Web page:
Lynas licence decision date set for Malaysian plant

Posted on January 5, 2012. Filed under: Pollution |

Dow Jones Newswires

LYNAS said today Malaysian authorities are nearing a decision on whether it can switch on a rare earths processing plant in the country, potentially allowing it to start operations as early as next month.

The outcome will be significant as Lynas is one of the few entities outside China proposing new mining and production facilities for rare earths. The minerals are used in renewable energy products such as hybrid cars, electronic devices such as laptops and in defence technology.

China is responsible for over 90 per cent of global production and can influence prices by changing export quotas.

Malaysian authorities have indicated the Atomic Energy Licensing Board will meet January 30 to decide whether Lynas should be granted a temporary operating license, Lynas said in a statement to the Australian Securities Exchange. The decision is then expected to be tabled to a full session of the Malaysian cabinet.

“We’re anticipating a decision at that meeting,” a Lynas spokesman said.

By early afternoon, Lynas shares were down 3.6 per cent in a weaker wider market.

Perth-based Lynas has almost completed a rare-earths refinery in the eastern Malaysian state of Pahang, where it intends to process minerals extracted from its Mount Weld deposit in Western Australia. The operations could account for up to a sixth of global rare-earths production.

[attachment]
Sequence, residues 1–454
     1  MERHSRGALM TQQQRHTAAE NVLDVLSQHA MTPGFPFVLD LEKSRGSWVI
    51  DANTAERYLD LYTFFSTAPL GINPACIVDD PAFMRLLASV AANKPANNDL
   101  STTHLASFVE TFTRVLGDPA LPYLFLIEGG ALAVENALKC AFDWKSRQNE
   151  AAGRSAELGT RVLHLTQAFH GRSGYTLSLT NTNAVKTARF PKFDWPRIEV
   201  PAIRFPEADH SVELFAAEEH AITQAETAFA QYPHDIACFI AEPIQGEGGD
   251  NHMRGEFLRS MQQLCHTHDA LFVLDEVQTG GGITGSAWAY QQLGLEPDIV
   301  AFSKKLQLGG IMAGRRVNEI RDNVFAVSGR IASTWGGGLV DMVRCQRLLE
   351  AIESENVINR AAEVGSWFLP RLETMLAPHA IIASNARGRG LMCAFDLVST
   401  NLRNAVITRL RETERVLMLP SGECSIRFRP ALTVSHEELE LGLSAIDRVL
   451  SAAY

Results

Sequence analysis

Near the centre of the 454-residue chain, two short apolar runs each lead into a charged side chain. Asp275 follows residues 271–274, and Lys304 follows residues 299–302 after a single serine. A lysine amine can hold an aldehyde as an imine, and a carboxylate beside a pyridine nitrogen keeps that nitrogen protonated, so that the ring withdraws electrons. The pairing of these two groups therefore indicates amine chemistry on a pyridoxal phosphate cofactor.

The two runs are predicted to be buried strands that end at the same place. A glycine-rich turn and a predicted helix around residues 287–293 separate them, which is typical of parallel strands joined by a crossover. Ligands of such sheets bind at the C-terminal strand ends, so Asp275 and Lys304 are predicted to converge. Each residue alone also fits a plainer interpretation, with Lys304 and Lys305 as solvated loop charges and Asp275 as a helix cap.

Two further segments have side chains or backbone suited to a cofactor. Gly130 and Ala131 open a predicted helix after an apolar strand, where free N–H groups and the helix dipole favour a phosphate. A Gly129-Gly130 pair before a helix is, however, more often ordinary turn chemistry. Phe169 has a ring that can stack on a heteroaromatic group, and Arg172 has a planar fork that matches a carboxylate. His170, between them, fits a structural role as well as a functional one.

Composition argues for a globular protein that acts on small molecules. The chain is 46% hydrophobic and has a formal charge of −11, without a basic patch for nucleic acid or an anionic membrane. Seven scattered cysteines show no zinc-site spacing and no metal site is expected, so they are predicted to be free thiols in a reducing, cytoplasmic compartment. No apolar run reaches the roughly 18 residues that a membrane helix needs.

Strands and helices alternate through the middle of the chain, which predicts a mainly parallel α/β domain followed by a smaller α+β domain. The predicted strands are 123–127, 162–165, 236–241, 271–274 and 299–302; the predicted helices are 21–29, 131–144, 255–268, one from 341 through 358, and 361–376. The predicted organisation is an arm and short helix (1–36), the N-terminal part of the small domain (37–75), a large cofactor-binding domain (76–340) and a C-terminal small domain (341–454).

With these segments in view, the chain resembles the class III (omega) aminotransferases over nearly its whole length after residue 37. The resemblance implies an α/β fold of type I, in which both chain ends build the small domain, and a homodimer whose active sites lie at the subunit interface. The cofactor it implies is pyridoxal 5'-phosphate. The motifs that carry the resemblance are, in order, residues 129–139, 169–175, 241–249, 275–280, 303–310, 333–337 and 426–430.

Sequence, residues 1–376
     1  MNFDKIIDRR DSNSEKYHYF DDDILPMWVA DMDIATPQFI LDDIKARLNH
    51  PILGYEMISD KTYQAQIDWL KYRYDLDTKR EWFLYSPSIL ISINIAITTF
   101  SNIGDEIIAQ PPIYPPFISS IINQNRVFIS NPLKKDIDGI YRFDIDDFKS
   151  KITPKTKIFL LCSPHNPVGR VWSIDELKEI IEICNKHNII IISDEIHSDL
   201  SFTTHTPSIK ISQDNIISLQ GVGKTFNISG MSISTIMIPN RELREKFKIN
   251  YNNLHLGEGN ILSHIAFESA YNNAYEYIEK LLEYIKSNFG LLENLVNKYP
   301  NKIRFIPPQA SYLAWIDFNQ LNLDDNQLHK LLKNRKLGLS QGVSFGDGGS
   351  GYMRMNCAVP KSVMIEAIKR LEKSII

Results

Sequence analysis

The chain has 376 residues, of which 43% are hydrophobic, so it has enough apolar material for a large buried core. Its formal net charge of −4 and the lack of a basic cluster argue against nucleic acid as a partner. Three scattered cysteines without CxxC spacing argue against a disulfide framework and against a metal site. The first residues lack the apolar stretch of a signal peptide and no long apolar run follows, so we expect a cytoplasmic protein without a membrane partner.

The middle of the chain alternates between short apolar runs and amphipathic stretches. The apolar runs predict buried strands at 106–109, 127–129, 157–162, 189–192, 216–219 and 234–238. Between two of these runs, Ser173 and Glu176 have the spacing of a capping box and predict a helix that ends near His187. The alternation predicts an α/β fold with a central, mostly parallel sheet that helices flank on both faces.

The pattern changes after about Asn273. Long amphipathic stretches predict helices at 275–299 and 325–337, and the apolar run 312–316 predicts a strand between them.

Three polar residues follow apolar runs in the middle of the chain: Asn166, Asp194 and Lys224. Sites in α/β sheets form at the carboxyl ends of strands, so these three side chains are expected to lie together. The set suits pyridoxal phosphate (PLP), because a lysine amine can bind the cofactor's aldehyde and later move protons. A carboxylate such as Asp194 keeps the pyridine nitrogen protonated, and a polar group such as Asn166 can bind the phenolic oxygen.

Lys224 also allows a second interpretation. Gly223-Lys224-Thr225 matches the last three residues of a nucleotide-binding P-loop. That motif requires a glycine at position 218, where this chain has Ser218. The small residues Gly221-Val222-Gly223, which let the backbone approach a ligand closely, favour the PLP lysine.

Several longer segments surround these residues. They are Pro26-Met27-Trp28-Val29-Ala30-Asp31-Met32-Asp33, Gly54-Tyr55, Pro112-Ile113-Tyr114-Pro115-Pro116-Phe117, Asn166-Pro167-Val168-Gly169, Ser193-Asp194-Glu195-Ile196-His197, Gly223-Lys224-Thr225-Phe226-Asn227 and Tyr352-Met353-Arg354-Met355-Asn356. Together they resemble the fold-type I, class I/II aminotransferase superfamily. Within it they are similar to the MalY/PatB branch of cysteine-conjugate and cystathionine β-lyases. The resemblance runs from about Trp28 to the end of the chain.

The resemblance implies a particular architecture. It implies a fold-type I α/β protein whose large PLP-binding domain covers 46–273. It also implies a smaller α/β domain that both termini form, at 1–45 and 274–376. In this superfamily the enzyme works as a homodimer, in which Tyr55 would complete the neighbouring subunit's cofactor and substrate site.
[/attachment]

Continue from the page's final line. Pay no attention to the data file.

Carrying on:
Lynas’s most-recent guidance is for an expected commencement of production some time in the first quarter of 2012, back from previous guidance for the end of last year.

Rare earths typically occur in deposits that contain uranium and thorium, meaning radioactive waste is present in tailings that require safe disposal. Activists and some politicians have actively campaigned against the Malaysian processing plant, prompting authorities to ask the International Atomic Energy Agency to review the $232 million development that’s almost complete.

A report by the IAEA in June largely backed the plant, while recommending Lynas deliver a plan for dealing with its waste.

A temporary license will allow the company to ramp up production at the Malaysian facility to nameplate capacity and sell its products, Lynas said.

If Lynas complies with the strict monitoring and government oversight requirements of the temporarily license, a permanent operating licence can be issued within two years.

“The Malaysian regulatory authorities have put in place a comprehensive process to monitor and evaluate our compliance with the highest international standards and our responsibility to operate the plant in a safe and sustainable manner,” Lynas executive chairman Nicholas Curtis said.

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